|ADMISSION PLAN||DEADLINE||ADMISSIONS NOTIFICATION|
How Much Does It Cost to Attend UNC at Chapel Hill?
Currently, in-state tuition at the University of North Carolina – Chapel Hill amounts to $7,020. On the other hand, out-of-state tuition costs $37,360. The estimated cost of attending UNC at Chapel Hill as an undergraduate student can range from $26,118 to $57,370.
According to the latest data, the average tuition at public higher education institutions in the US for a year is $9,377 for in-state students and $27,091 for out-of-state students.
If you are a North Carolina resident, your tuition at UNC-Chapel Hill will be cheaper than the national average.
Around 42% of students attending the University of North Carolina at Chapel Hill receive financial aid. Each of them, on average, gets $16,139 in cash awards.
Here’s a breakdown of the estimated cost of going to UNC at Chapel Hill as an undergraduate:
|EXPENSES||IN-STATE COST||OUT-OF-STATE COST|
|Books and supplies||$1,290||$1,290|
Is the University of North Carolina at Chapel Hill Ivy League?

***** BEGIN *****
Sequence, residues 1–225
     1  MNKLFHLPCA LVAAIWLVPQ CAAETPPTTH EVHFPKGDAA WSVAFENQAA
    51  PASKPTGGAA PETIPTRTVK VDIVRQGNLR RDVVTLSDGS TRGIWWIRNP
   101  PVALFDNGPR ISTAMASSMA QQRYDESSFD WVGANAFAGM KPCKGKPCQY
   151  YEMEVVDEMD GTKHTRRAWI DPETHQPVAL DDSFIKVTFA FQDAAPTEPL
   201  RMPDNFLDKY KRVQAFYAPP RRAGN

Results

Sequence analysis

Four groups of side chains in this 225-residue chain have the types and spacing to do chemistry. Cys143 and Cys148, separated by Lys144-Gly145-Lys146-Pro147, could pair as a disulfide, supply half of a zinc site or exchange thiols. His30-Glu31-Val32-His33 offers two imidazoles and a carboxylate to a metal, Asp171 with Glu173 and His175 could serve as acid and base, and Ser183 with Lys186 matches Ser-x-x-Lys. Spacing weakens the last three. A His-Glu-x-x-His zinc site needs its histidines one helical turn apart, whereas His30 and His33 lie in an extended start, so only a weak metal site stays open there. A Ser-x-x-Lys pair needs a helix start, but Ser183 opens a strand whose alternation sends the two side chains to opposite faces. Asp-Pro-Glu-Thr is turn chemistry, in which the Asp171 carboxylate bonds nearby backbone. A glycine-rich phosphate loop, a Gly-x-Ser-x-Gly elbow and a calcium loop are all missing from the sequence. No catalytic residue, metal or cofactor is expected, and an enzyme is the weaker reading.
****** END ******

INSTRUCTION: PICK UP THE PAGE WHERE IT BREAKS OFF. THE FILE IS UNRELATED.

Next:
While it’s not an Ivy League, UNC at Chapel Hill is considered a Public Ivy, which means that it’s a public research university offering an academic experience akin to that of an Ivy League. The flagship institution is also dubbed as a New Ivy and a Southern Ivy.
All 8 Ivy League schools are elite private institutions. This means that being a public school, the University of North Carolina – Chapel Hill is not one of them.
This, however, does not stop it from being one of the most prestigious institutions in the US.
As a matter of fact, because of its high selectivity level, a lot of average and below-average college-bound teens can only consider it as their dream school.
Many top-performing ones with impressive academic track records, unique personal qualities, and experiences make UNC their top-choice school at Chapel Hill.
UNC at Chapel Hill Rankings
US News ranks the University of North Carolina – Chapel Hill #29 among National Universities, a spot it shares with the University of Florida and Wake Forest University. It’s also US News’ #5 in Top Public Schools. Meanwhile, Niche ranks UNC at Chapel Hill #7 in Top Public Universities in America 2023.